by: Sharon Housley
Web 2.0 is a perceived transition of the Web to web-based applications. Web 2.0 is the next generation of technology solutions where interactive content is the norm.
There is no agreement on exactly what Web 2.0 means. Depending on who you are speaking with, you may receive different explanations. At it’s heart, Web 2.0 is about the maturity of the Web. While many refer to Web 2.0 as companies that employ powerful web technologies, the key components of Web 2.0 are said to include: the Web as a platform, collaboration, and syndication.
Here are the “ABC’s” of Web 2.0…
A – Ajax
B – Blog
Blogs are web logs that are updated regularly, usually on a daily basis. They contain information related to a specific topic. In many cases, blogs are used simply as daily diaries about people’s personal lives, political views, or even as social commentaries. The truth of the matter is that blogs can be shaped into whatever you, the author, want them to be.
C – Collaboration
Collaboration is a hallmark of Web 2.0. Building communities and developing content from multiple contributors is part of what is unique about these second-generation websites.
D – Dynamic
Content Dynamic content refers to content which is obtained from another source, and which is automatically updated whenever the source content changes.
E – ECommerce
Ecommerce comes from the phrase “Electronic Commerce”, which basically means selling things over the Internet. Many websites now conduct financial transactions over the Internet. Ecommerce is simply a vehicle for collecting payments online.
F – Folksonomy
Folksonomy is a means of classifying and categorizing data on the web through collaborative efforts from the online community. While not strictly synonymous to the term, this is more commonly known as “tagging”, where keywords are associated with items or links. The keywords are used to classify the items.
G – Global Navigation
Global navigation refers to a somewhat standardized navigational menu structure that encompasses all the main pages on the website. Regardless of the particular web page you are on, you can navigate to any other part of the website using the global navigation system.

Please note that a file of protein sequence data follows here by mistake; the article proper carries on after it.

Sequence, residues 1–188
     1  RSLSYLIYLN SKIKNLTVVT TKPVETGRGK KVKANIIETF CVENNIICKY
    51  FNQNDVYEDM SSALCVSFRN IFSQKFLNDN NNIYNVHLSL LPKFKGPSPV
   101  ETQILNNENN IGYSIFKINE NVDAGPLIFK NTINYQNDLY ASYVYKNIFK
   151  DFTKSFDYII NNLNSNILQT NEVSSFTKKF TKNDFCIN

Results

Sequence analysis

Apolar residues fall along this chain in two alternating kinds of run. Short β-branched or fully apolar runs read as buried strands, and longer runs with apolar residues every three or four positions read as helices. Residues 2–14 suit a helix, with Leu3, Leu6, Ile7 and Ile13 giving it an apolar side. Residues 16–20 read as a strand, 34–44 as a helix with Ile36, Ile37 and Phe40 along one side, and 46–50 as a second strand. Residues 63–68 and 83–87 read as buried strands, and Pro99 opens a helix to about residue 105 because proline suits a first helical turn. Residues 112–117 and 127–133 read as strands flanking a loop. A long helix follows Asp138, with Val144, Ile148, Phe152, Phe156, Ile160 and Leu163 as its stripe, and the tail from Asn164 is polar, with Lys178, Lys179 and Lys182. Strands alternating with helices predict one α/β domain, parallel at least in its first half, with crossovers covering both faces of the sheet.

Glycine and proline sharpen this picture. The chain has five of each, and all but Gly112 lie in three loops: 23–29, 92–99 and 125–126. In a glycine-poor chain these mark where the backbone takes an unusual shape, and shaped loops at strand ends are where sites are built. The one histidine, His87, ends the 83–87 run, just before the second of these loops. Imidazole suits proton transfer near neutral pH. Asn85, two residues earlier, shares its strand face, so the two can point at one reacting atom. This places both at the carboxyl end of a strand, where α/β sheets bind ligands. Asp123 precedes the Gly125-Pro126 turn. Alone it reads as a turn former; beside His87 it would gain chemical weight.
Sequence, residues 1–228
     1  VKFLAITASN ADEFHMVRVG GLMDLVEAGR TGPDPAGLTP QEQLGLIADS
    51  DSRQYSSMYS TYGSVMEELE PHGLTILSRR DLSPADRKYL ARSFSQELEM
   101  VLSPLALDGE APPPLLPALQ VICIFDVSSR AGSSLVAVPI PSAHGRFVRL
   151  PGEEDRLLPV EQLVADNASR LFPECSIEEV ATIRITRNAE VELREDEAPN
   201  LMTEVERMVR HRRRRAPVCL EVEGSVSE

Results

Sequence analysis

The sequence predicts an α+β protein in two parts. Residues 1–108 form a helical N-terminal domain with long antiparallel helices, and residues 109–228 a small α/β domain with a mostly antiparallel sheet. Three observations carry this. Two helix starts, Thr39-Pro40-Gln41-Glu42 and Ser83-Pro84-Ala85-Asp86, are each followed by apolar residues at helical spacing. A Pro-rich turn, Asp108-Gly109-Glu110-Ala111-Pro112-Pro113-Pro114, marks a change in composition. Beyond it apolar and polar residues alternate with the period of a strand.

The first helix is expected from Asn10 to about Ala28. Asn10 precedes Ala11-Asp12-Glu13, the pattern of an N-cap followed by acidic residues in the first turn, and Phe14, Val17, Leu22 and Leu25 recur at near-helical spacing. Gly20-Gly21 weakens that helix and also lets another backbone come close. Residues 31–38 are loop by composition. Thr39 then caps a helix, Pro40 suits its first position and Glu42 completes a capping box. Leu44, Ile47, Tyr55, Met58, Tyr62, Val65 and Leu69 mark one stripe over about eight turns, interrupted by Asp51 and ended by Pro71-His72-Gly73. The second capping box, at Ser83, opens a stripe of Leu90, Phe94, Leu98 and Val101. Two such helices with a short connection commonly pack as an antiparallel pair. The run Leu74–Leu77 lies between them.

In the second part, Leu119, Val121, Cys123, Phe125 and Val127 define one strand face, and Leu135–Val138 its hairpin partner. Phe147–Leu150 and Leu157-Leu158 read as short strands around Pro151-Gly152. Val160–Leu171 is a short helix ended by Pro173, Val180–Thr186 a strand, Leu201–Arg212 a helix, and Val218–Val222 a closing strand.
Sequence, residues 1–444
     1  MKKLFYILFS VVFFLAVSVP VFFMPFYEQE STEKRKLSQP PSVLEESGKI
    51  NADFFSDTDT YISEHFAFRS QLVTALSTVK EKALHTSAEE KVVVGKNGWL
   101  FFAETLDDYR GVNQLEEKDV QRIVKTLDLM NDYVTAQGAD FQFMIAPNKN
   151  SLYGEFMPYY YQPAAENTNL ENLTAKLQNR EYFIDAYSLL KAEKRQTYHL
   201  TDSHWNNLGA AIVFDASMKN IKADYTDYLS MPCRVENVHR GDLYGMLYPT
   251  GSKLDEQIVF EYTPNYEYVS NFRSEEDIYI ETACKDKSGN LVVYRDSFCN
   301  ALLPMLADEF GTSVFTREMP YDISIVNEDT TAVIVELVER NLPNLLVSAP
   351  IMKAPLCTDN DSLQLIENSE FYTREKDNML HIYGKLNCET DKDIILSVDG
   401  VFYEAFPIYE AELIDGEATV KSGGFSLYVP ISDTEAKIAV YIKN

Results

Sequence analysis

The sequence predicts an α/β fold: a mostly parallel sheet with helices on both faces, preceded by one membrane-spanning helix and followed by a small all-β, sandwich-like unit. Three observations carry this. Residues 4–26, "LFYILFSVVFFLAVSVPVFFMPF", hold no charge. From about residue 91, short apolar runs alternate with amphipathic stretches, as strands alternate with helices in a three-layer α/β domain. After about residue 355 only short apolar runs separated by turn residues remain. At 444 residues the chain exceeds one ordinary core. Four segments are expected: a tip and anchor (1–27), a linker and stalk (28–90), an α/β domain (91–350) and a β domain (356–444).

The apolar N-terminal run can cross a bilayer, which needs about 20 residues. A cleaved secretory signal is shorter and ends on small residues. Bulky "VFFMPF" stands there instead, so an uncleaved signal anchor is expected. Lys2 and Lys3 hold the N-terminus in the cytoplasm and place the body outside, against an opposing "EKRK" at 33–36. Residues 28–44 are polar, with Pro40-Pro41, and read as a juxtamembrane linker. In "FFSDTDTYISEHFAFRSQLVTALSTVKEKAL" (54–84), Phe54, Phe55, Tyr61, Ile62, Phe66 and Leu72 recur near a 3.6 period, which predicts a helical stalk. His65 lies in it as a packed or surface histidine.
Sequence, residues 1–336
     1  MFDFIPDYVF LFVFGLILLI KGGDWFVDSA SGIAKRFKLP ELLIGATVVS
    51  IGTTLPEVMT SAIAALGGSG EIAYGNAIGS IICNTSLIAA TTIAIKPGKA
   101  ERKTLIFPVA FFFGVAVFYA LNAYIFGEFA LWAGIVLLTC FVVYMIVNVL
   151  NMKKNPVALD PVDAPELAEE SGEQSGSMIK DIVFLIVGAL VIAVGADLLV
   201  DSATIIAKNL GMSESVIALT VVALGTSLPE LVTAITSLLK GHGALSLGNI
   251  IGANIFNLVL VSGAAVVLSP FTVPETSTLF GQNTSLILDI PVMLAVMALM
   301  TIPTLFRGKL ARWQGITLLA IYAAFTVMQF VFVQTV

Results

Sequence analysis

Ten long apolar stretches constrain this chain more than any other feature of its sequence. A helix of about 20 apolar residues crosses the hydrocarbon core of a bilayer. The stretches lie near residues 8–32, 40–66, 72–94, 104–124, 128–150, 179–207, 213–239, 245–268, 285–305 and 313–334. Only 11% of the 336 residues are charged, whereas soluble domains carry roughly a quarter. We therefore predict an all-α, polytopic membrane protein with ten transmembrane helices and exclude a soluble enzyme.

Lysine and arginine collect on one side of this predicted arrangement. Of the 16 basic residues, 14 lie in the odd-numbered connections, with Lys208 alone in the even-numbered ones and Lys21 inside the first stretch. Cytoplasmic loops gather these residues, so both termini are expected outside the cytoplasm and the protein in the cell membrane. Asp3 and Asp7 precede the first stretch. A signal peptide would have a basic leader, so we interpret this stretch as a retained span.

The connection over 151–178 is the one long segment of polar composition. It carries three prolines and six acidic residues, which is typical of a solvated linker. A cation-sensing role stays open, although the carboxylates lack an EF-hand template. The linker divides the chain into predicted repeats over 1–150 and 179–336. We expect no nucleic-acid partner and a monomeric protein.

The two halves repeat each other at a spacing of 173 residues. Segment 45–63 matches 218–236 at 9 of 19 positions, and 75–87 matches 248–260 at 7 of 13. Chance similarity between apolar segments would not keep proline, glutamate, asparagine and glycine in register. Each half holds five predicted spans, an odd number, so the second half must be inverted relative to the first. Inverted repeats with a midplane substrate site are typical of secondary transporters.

H – Hosted Application
Hosted applications are typically interactive programs that reside on the Internet, and are designed to run on the Internet rather than being downloaded and installed on the user’s computer.
I – Information Architecture
Information architecture describes the structure and methodology by which information (such as website content) is organized.
K – Knowledgebase
A knowledgebase is a collection of facts, rules, and procedures that are organized into a searchable format. In Web 2.0, website knowledgebases are usually interactive.
L – Long Tail
The phrase “long tail” pertains to search engine results. The “long tail” of search follows the thinking that the combined total results of multiple less-popular terms will exceed the results of a single more-popular term. Many webmasters have given up their hope of ranking well for the extremely popular terms, and instead are focused on ranking well for the less-popular but more abundant terms or phrases.
M – Mashups
Mashups are the result of merging content from a variety of different sources, and thus creating new content based on the merging and filtering of the resulting content.
N – Newsreader
A newsreader is a software tool or web application that is used to read and manage RSS feeds.
O – OPML
OPML stands for Outline Processor Markup Language, and is a standard for people wishing to import or export their RSS feed subscriptions.
P – Podcasting
Podcasting is online audio content that is delivered via an RSS feed. Many people equate podcasting to “radio on demand”. However, in reality, podcasting offers far more options in terms of content and programming than radio does. In addition, podcast listeners can determine the time and the place of their listening, meaning that they decide what programming they want to receive and when they want to listen to it. Listeners can retain audio archives to listen to at their leisure. While blogs have turned many bloggers into journalists, podcasting has the potential to turn podcasters into radio personalities.
Q – Query
A query is a phrase or a group of words, possibly combined with other syntax, used to pass instructions to a search engine or a directory in order to locate web pages.
R – RSS
RSS stands for Really Simple Syndication, and is a standard for syndicating content online. RSS feeds are used to provide real-time information to interested parties.
S – Social Bookmarking
Social bookmarking and social networks are collaborative efforts that use democracy and voting to influence the importance of items that are bookmarked.
T – Tags
Tags are descriptive keywords that are used to classify and categorize items or URLs on social networks.
U – User-Generated
Content User-generated content refers to website content that is created by the users themselves. It can be in the form of message posts on discussion groups, blogs, comments on blog postings, wiki entries, etc.
V – Vlog
Vlog comes from the phrase “video blog”. This is a blog that mainly publishes video content rather than audio content. Video podcasting is sometimes called vodcasting.
W – Wiki
Wikis are a collaborative environment that is built around input from community users.
X – XML
XML stands for eXtensible Markup Language. XML is often used to update dynamic web content.
Y – YouTube
YouTube is a highly popular Web 2.0 video hosting website that allows users to submit, view, and rate videos.
Z – ZeeEnd
Sharon Housley manages marketing for FeedForAll http://www.feedforall.com software for creating, editing, publishing RSS feeds and podcasts. In addition Sharon manages marketing for RecordForAll http://www.recordforall.com audio recording and editing software.